Research Excellence Framework: next REF delayed to 2029

Year-long delay to UK research assessment follows concerns abolishing minimum output rule for researchers could harm inclusivity

December 7, 2023

The UK’s next Research Excellence Framework has been delayed until 2029 amid concerns over plans to fully break the link between individual staff and university submissions.

The exercise, whose results were due to be published in December 2028, will now conclude in the final month of 2029, it was announced on 7 December.

That decision was made “in recognition of the complexities” for universities in “the preparation for using Hesa [Higher Education Statistics Agency] data to determine REF volume measures” and “fully breaking the link between individual staff and institutional submissions,” said the team behind the REF, which is run by Research England and its funding council counterparts in Scotland, Wales and Northern Ireland.

Under new proposals for REF 2028 – now REF 2029 – research-active staff will not be required to submit a minimum number of outputs (which was a stipulation in REF 2021) nor will they be limited to entering a maximum number of outputs (five in 2021).

While units of assessment would still be required to submit 2.5 outputs for every researcher for REF 2029, the total volume of submissions would be based on that unit’s submission of research-active staff to Hesa.

Institutions would have been allowed to submit outputs from anyone employed on at least a 0.2 full-time equivalent basis for at least six months in the two-year REF assessment period up to the submission deadline.

Research England believed the proposals would have led to about £100 million in efficiency savings on the £471 million cost of the REF 2021– thanks to a reduction in costly internal selection and efficiencies related to special circumstance decisions – but the plans have faced criticism in recent months.

Earlier this week the Royal Economic Society said submissions based on a definition of “volume-contributing” staff “provides greater scope for institutions to misrepresent research power by inflating volume-contributing staff numbers by including staff with a minimal workload attributed to research and innovation”.

With staff not restricted by a maximum number of outputs, “institutions may choose to focus their financial resources more on recruitment/retention of ‘superstars’”, it added, with the society’s chair Sir Anton Muscatelli, vice-chancellor of the University of Glasgow, adding “the proposed revisions for REF2028 risk making REF less inclusive”.

Announcing the delay, which follows the conclusion of a consultation on the REF’s initial decisions announced in the summer, the REF team said it would also review the proposed weighting of research culture and environment, which was due to rise to 25 per cent in 2028, the same weight as impact. An extended consultation on this issue has just closed.

Steven Hill, director of research at Research England, said the delay reflected concerns raised by institutions regarding the Hesa data-led submission of researchers.

“We have learned from the consultation that there was more complexity than we thought,” he said. “We thought [our plans] were feasible in the summer but we’ve learned from the experts on submitting Hesa data.”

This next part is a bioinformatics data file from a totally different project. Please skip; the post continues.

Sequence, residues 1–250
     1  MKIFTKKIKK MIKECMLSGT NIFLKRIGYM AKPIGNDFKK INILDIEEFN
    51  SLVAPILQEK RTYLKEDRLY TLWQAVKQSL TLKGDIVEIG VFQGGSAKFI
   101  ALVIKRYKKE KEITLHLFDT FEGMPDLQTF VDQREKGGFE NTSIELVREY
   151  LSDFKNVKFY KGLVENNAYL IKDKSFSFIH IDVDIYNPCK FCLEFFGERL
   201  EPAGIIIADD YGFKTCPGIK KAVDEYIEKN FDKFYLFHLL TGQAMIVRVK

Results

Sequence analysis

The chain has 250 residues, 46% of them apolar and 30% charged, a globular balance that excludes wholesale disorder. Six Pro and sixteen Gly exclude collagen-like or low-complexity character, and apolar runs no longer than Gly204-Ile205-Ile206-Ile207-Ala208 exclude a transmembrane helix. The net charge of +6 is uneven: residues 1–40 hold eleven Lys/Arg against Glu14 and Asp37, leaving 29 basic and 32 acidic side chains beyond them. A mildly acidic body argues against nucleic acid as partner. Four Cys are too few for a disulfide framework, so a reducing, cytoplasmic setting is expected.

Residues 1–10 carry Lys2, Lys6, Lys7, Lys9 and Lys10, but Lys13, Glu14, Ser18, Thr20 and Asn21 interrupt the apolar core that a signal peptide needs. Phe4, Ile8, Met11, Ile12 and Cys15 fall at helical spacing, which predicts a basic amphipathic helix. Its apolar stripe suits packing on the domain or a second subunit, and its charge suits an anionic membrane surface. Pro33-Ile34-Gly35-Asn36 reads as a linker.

Asked if the worries voiced in the consultation reflected growing opposition to the REF’s new structure, Dr Hill insisted that these were a “normal part of the process to get feedback from the sector”.

“We make proposals and listen to what people have to say,” he said.

On the people, culture and environment plans, the REF team added that further work is being commissioned on indicators that will be delivered during 2024.

On the changes to how output volumes are decided, “further work is needed to ensure the balance of benefit and the minimisation of unintended consequences”, the REF team added, saying that the delay would “allow additional time for institutions to resolve challenges with using Hesa data for REF volume purposes, and to allow testing of the approach the REF team will take when using this data to calculate average full-time equivalent staffing levels.

“Moves to break the link between individual staff members and unit submissions were welcomed by the community and this principle will be maintained,” it continued. However, it was “working to find a balanced approach” that would ensure outputs represented the institution’s research staff, which might include the reintroduction of maximum output requirements, or the use of sample testing to check if research-active staff are included in output submissions.

The minimum number of impact case studies that an institution can submit per disciplinary submission will also be reduced to one, it said, while impact case studies would no longer be required to be linked to 2* quality research.

Tim Bradshaw, chief executive of the Russell Group of research-intensive universities, said that the delay to the next REF was “welcome”.

“This is a sensible approach to allow the necessary preparation to take place in universities and ensure the robustness of the assessment. It is also positive that Research England is exploring options to test and pilot the expanded people, culture, and environment element and will review the proposed weighting based on the evidence,” Dr Bradshaw said.

“We look forward to working closely with Research England and other stakeholders on the design of the next REF, including to help develop a set of indicators to accurately assess excellence in research culture.”

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